University of Maryland Extension

Buying Birds

You've decided that you want to raise a small flock of birds. Before you go out to buy any poultry, be sure to contact your local county planning office to make sure birds can be raised and produced in your area. Also, contact local zoning and building ordinances to know what building structures are permissible on your property. By contacting necessary personnel, they will determine if any special permits are needed for livestock on your property. In planning your poultry operation, it is also important to have a farm plan for manure management to avoid odor and pollution problems so you will avoid future problems with neighbors.

When buying birds, caution should be exercised. New birds should be bought only from reputable locations. Avoid auctions, fleamarkets, and imported poultry from "dockside sales". Reputable locations that sell birds may include hatcheries and breeders who participate in USDA's National Improvement Plan.  Buying new stock from suppliers who participate in USDA's NPIP program ensures new birds have been tested and are free from certain diseases. New birds present the greatest risk to biosecurity because their disease history is unknown (Jeffrey, 1997).  Plan ahead to decide where birds will be purchased.  Regardless of where birds are purchased, make sure all birds come from a healthy flock and are current on vaccinations.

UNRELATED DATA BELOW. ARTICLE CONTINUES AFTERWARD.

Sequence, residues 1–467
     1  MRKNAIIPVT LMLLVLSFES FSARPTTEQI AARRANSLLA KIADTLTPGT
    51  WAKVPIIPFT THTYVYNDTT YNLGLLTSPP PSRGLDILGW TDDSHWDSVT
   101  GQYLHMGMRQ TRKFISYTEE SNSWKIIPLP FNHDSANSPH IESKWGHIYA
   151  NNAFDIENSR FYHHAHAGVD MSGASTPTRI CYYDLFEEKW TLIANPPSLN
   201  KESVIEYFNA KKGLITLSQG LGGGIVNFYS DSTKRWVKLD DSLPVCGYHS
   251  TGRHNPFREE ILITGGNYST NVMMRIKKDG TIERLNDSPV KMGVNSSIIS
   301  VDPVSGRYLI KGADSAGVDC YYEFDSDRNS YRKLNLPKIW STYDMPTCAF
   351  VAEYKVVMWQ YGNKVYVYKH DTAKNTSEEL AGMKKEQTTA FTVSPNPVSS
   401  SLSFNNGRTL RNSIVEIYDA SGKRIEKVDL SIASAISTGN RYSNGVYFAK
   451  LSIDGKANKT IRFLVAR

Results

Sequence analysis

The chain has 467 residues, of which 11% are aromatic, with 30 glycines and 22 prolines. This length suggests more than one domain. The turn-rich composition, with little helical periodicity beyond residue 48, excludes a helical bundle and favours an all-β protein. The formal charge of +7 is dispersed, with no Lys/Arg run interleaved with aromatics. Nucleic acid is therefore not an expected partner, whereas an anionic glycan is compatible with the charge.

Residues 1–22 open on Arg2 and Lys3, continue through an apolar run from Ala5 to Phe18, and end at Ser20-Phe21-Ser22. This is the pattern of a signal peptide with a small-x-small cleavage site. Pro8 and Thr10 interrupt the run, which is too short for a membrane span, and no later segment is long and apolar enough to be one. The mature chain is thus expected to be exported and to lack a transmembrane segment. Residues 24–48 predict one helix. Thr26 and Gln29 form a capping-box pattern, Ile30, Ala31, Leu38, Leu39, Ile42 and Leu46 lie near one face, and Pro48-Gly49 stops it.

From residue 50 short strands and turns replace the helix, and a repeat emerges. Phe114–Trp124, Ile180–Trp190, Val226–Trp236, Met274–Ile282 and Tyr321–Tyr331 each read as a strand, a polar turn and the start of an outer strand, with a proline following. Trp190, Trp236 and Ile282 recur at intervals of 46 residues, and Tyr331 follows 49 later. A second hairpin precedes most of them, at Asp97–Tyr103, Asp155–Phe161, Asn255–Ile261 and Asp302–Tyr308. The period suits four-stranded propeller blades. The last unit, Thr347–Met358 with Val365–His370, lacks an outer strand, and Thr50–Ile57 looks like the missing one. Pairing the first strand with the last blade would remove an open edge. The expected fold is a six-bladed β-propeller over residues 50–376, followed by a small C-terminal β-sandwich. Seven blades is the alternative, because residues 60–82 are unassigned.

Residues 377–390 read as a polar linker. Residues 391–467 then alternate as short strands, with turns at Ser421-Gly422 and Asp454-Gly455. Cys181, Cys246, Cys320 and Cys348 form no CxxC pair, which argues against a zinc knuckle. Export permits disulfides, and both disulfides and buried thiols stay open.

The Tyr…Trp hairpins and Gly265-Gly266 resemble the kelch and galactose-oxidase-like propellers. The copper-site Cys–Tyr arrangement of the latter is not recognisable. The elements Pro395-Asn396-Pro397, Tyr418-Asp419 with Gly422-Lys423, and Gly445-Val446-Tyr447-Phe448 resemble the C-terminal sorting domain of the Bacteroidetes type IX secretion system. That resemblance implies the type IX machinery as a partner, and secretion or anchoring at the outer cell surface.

Once purchased, birds should be transported in carriers that are easy to disinfect. If transported in cardboard or wood crates, the cardboard should be disposed of properly and wood crates should be disinfected thoroughly. Plan ahead and decide where birds will be purchased before traveling to acquire them. Travel straight home after purchasing new birds. This will keep disease threat to a minimum. 

Jeffrey, J.S. 1997. Biosecurity for Poultry Flocks. University of California, Davis, School Veterinary Medicine.  
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